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crystal am nelson

photographer, writer, and historian, was born Anthony Barboza in New Bedford, Massachusetts, to Lillian Barboza, a homemaker, and Anthony Barboza Sr., a Fuller Brush salesman. Anthony Jr. was one of eight sons, one of whom was also an award-winning photographer and two of whom were well-known journalists. Barboza began his career in 1964, when he studied under Roy DeCarava in New York City at the Kamoinge Workshop, cofounded in 1963 as a response to the negative and biased representation of African Americans in mainstream media, with DeCarava serving as Kamoinge's first director. The group, which continued into the twenty-first century as Kamoinge, Inc., used photography to document and celebrate African American experiences.

Between 1965 and 1968 Barboza served as a photojournalist in the United States Navy Upon opening his commercial photo studio in New York City a year after being discharged he began shooting ...

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Donna M. Wells

photographer, journalist, and diplomat, was born on the campus of Atlanta University (later Clark Atlanta University), in Atlanta, Georgia. He attended Oglethorpe Laboratory Elementary School, a practice school on the campus. Davis's professional career began in high school and continued until his retirement in 1985. He was first introduced to photography by William (Bill) Brown, an instructor at the Atlanta University Laboratory High School where Davis was a student. Throughout high school and later as a student at Morehouse, Davis supported himself through photography assignments from local newspapers and public relations firms.

Davis's college education was suspended in 1944 when he joined the armed forces during World War II and fought with the Ninety-second Infantry Division in Italy. After his tour, Griffith returned to Atlanta in 1946 and continued his college studies. He befriended writer and professor Langston Hughes and civil rights activist and ...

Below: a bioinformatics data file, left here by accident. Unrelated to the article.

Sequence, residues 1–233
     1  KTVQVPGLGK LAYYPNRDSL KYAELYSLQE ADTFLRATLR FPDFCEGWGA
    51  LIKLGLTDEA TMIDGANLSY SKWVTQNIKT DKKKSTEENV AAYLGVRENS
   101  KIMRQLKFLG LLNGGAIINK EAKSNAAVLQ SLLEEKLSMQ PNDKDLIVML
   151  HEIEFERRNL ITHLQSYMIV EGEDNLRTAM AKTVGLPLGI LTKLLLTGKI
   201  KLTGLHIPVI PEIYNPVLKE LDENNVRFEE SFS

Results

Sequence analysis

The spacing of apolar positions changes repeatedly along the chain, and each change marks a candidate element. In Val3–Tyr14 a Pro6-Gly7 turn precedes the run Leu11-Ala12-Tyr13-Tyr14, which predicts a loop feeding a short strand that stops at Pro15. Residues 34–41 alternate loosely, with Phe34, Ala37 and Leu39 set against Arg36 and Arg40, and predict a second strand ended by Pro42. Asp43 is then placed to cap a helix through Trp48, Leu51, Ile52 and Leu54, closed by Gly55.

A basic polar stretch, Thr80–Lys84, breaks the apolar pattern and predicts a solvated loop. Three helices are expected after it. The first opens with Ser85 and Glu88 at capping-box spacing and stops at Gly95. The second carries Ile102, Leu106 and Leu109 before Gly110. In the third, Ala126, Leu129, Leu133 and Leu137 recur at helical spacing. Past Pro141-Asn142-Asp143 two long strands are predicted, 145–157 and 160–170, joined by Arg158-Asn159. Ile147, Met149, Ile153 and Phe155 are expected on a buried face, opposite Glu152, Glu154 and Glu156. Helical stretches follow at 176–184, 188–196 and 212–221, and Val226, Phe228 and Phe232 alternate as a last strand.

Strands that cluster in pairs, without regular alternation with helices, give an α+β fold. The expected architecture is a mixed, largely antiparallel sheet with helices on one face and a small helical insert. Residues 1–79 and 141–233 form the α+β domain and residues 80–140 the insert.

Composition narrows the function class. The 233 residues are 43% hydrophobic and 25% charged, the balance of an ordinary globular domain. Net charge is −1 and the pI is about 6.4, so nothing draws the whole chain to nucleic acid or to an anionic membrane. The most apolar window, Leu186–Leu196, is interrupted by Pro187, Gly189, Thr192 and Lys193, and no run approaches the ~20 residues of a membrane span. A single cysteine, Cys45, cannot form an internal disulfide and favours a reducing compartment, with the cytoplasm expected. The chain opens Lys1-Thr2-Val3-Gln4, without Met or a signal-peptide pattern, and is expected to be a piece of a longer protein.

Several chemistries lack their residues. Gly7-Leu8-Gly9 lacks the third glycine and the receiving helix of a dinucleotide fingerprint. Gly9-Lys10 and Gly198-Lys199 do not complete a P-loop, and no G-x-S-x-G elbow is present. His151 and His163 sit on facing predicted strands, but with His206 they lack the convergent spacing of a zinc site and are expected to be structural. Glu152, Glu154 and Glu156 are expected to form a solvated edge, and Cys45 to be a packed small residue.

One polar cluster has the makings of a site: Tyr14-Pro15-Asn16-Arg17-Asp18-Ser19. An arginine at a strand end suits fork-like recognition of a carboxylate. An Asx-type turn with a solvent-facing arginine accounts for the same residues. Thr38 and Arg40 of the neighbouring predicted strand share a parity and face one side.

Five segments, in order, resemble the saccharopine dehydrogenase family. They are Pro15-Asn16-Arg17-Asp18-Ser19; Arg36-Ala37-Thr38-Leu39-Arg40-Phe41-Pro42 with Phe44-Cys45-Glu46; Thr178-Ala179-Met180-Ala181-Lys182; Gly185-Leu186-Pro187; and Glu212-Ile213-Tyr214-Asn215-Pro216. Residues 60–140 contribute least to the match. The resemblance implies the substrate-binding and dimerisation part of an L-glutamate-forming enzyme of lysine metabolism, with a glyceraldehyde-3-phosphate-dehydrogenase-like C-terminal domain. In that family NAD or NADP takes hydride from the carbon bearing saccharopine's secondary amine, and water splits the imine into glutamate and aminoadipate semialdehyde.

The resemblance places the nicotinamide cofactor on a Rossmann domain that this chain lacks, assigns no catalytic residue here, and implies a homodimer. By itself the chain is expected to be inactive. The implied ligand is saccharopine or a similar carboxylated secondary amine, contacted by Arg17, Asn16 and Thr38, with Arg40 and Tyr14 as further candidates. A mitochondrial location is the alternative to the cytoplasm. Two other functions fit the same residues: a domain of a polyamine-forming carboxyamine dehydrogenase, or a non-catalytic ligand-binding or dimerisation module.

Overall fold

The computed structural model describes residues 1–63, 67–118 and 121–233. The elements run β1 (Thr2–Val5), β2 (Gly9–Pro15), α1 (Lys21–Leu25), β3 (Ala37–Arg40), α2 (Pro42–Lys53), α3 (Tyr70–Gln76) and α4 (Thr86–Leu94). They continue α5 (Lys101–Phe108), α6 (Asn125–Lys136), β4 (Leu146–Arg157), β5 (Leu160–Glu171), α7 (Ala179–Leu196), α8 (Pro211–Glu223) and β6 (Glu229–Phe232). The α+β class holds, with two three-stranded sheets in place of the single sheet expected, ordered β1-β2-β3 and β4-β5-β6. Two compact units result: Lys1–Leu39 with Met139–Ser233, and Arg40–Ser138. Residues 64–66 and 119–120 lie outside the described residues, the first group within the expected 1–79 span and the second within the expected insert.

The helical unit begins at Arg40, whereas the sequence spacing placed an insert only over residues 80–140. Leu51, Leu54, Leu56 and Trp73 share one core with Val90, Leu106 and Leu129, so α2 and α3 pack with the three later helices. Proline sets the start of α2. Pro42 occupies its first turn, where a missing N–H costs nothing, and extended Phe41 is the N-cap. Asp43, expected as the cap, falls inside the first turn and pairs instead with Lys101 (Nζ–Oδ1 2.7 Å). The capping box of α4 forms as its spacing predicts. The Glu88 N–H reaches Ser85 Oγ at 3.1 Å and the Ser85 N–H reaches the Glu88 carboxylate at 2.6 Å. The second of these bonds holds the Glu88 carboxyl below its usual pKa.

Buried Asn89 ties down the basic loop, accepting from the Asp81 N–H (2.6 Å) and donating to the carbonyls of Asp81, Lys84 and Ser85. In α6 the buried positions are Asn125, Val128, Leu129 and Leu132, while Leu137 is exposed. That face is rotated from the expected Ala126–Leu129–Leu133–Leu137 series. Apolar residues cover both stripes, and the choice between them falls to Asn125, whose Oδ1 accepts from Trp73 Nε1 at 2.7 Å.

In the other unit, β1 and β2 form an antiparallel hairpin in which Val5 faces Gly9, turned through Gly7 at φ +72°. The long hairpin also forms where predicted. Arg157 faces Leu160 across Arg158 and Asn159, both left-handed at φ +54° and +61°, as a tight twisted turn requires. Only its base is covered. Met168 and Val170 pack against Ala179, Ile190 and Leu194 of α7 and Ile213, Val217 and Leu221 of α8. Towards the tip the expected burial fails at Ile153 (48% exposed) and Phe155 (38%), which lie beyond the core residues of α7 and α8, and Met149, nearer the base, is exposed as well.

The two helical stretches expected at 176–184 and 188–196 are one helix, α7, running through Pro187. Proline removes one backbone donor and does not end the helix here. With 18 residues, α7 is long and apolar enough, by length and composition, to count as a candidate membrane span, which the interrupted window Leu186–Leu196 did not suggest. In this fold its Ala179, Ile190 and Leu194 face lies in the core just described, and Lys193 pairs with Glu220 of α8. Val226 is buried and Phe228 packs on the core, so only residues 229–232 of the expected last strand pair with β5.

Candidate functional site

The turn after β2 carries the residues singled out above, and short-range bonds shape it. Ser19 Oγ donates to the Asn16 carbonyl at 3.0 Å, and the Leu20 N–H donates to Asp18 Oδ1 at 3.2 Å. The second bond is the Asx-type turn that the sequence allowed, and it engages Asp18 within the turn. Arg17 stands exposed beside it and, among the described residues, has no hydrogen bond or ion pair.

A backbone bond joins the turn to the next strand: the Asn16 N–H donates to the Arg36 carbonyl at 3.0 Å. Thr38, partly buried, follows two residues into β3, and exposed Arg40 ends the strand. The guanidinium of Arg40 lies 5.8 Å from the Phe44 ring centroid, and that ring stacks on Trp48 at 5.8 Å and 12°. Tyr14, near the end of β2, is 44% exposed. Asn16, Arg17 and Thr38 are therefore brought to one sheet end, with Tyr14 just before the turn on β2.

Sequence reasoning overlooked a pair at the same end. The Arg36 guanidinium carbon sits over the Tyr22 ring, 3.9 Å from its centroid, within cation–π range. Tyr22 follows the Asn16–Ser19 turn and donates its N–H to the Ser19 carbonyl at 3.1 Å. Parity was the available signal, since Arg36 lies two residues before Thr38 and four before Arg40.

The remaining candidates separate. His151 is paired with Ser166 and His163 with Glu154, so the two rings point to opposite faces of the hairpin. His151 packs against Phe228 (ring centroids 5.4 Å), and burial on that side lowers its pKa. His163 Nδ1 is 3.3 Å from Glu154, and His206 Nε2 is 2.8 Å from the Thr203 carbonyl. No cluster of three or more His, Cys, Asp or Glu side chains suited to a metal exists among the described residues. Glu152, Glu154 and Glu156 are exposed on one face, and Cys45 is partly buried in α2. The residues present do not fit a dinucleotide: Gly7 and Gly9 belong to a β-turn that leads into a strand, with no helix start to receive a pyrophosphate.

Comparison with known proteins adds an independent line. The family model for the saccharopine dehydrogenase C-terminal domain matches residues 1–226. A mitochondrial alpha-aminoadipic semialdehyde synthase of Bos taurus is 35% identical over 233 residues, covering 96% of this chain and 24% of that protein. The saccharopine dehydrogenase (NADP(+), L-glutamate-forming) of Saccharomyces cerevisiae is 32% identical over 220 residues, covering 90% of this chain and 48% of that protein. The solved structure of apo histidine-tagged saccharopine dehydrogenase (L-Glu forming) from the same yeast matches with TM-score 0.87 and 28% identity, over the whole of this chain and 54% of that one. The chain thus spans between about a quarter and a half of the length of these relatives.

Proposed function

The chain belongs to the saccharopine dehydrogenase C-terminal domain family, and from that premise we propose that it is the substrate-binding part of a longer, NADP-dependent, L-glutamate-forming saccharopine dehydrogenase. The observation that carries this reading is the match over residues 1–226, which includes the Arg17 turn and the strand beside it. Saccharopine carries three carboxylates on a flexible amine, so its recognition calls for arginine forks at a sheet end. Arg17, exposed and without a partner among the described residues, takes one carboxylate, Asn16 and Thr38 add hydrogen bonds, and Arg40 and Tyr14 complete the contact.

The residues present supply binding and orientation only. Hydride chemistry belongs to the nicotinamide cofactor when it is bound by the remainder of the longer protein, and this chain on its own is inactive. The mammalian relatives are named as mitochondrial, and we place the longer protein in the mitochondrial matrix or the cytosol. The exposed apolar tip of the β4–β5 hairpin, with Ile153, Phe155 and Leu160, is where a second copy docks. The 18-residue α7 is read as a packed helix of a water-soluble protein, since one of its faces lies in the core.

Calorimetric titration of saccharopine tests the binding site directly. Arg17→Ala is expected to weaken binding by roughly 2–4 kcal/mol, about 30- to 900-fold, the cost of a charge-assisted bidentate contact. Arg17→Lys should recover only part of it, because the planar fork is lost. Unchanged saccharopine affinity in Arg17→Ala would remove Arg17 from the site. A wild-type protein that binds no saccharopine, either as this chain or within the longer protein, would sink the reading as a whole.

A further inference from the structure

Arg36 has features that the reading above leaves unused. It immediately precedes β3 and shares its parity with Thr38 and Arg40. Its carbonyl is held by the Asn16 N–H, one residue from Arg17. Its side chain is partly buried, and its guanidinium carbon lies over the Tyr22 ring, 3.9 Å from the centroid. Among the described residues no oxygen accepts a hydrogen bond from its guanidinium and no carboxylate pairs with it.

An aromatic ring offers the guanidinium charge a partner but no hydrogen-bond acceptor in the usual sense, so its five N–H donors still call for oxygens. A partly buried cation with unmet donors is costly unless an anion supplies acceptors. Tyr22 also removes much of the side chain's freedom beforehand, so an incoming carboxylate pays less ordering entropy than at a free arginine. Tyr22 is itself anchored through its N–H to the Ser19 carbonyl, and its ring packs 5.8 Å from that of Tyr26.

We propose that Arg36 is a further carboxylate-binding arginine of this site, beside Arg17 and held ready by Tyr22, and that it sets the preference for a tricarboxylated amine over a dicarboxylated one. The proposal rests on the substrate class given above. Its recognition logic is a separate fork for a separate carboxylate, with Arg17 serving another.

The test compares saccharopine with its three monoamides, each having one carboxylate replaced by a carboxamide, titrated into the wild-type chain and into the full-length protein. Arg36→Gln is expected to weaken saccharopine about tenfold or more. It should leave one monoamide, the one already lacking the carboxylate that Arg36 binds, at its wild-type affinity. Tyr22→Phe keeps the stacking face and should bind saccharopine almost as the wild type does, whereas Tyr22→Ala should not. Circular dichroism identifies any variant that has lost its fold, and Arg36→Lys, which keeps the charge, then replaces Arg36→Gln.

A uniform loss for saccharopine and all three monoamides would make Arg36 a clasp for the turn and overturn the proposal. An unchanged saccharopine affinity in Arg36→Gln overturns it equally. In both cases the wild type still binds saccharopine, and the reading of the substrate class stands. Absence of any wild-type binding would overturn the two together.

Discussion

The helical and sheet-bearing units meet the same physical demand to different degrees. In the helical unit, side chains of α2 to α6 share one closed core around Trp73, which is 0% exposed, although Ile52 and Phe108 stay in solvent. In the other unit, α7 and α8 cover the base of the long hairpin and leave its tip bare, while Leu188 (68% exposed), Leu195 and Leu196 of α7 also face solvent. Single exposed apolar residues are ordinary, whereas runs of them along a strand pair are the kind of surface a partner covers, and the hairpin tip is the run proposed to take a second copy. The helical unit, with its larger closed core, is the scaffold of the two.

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Michelle K. Massie

photojournalist, was born in Pittsburgh, Pennsylvania, the youngest of three sons of William A. and Ella Mae (Taliaferro) Harris. His parents operated the Masio Hotel on Wylie Avenue in Pittsburgh's famed Hill District neighborhood. During the early twentieth century, the Hill District was the mecca of African American life in Pittsburgh. The neighborhood attracted poor and working-class blacks as well as the elites of the sports and entertainment worlds, for it was an area where blacks freely socialized, shopped, worshipped, owned businesses, and lived without having to confront many of the harsh realities of the segregated city. It was this exposure to the richness of black life that influenced Harris's forty-year career as a photojournalist and portrait photographer.

Harris got his nickname at the age of two from a female relative who called him Teenie Little Lover It was later shortened to Teenie Harris came of age during ...

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Donna M. Wells

documentary photographer and educator, was born in Washington, D.C., to Nestor Hernandez Sr., an interior decorator and photographer, and Marion Johnson. Hernandez's mother died when he was eight years old. Hernandez attended St. John the Baptist Elementary School and Roosevelt High School in D.C. While he was a teenager, he learned photography through a journalism program at the Lemuel A. Penn Career Development Center in Northeast Washington, D.C. He attended what was later Clark Atlanta University in Atlanta, Georgia, where he took additional courses in photography.